The Rio 2016 Olympics are a one-off opportunity. The world’s watching and there’s one chance to get it right. If you don’t, everyone is going to know about it.
Martin Peat on the basics of crowd modelling, how it works and some important things to look out for.
“Meu nome é Martin, eu sou da Nova Zelândia e eu trabalho nos Jogos Olímpicos. - My name is Martin. I am from New Zealand and I’m working on the Rio Olympic Games.
Beca is involved in the crowd modelling at the Rio Olympics, and crowd modelling involves looking at spectator movements from one place to another. In this case, it’s people jumping off the trains and buses, and making their way into the venue.
The main inputs to crowd modelling are the competition schedule and the capacity of the venues. They’re really important because we’re looking at when people arrive.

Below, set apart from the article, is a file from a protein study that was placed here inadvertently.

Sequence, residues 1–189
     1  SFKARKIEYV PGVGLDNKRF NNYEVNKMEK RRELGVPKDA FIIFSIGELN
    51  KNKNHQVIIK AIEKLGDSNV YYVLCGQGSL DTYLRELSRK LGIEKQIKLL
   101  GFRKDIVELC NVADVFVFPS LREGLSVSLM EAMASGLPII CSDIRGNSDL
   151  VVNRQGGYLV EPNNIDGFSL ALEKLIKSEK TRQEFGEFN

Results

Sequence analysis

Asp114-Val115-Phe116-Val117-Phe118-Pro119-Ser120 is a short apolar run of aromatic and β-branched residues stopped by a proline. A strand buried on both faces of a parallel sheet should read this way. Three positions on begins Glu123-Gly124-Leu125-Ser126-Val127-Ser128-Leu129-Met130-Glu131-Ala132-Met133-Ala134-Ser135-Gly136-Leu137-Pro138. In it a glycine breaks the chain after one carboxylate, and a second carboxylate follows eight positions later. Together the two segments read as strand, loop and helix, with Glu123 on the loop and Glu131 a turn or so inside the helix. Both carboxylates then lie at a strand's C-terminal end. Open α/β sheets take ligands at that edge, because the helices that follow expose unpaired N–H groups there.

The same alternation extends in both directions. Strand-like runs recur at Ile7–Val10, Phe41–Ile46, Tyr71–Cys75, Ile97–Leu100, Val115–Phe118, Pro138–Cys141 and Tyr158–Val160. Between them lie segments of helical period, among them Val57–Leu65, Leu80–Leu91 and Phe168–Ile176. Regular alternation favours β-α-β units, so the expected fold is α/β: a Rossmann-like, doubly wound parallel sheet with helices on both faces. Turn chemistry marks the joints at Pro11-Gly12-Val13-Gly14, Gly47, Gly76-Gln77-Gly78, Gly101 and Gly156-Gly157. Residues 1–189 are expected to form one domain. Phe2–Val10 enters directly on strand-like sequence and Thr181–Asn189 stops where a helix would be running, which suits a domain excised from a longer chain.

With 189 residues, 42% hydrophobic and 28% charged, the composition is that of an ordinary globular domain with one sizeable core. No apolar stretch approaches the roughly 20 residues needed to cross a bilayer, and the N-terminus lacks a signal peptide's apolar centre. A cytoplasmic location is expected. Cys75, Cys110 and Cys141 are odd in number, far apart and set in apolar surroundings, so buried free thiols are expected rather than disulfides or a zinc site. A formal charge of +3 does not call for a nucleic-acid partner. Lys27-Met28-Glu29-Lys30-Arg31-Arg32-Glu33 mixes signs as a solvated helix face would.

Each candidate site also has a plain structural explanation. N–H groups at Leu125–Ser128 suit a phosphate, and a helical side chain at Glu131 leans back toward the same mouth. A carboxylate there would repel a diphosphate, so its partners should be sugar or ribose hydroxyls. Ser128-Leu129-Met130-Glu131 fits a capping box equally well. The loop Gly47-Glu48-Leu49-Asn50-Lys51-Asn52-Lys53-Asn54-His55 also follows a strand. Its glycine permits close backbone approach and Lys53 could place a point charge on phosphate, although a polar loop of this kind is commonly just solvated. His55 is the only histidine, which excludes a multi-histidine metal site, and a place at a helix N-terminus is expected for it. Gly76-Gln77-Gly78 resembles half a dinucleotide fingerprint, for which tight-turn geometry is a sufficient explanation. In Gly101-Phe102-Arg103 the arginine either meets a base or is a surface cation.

When we’ve been designing the flows, in particular at the Olympic Park, we’ve come up with a solution that has the majority of people walking on the right-hand side. This comes more naturally and is going to be easier to manage than trying to force people to do something that they’re not used to.
When we’re doing crowd modelling, there are a number of tools that we can use. For quick and easy calculations, and Excel spreadsheet is all you need. The more detail you need to go into, we can start using special computer software that simulates the movement of people. What that ends up with is a drawing of the venue and then you get ‘little dots’ running around, leaving the venue, going through the walkways and leaving the exit.
As part of that, the software knows about the interactions between people and will speed people up or slow people down depending on how many people are around.
Olympics are a one-off opportunity. It’s a huge event and it only lasts for two weeks for the Olympics and two weeks for the Paralympics. The world’s watching and there’s one opportunity to get it right. If you don’t, everybody’s is going to know about it.”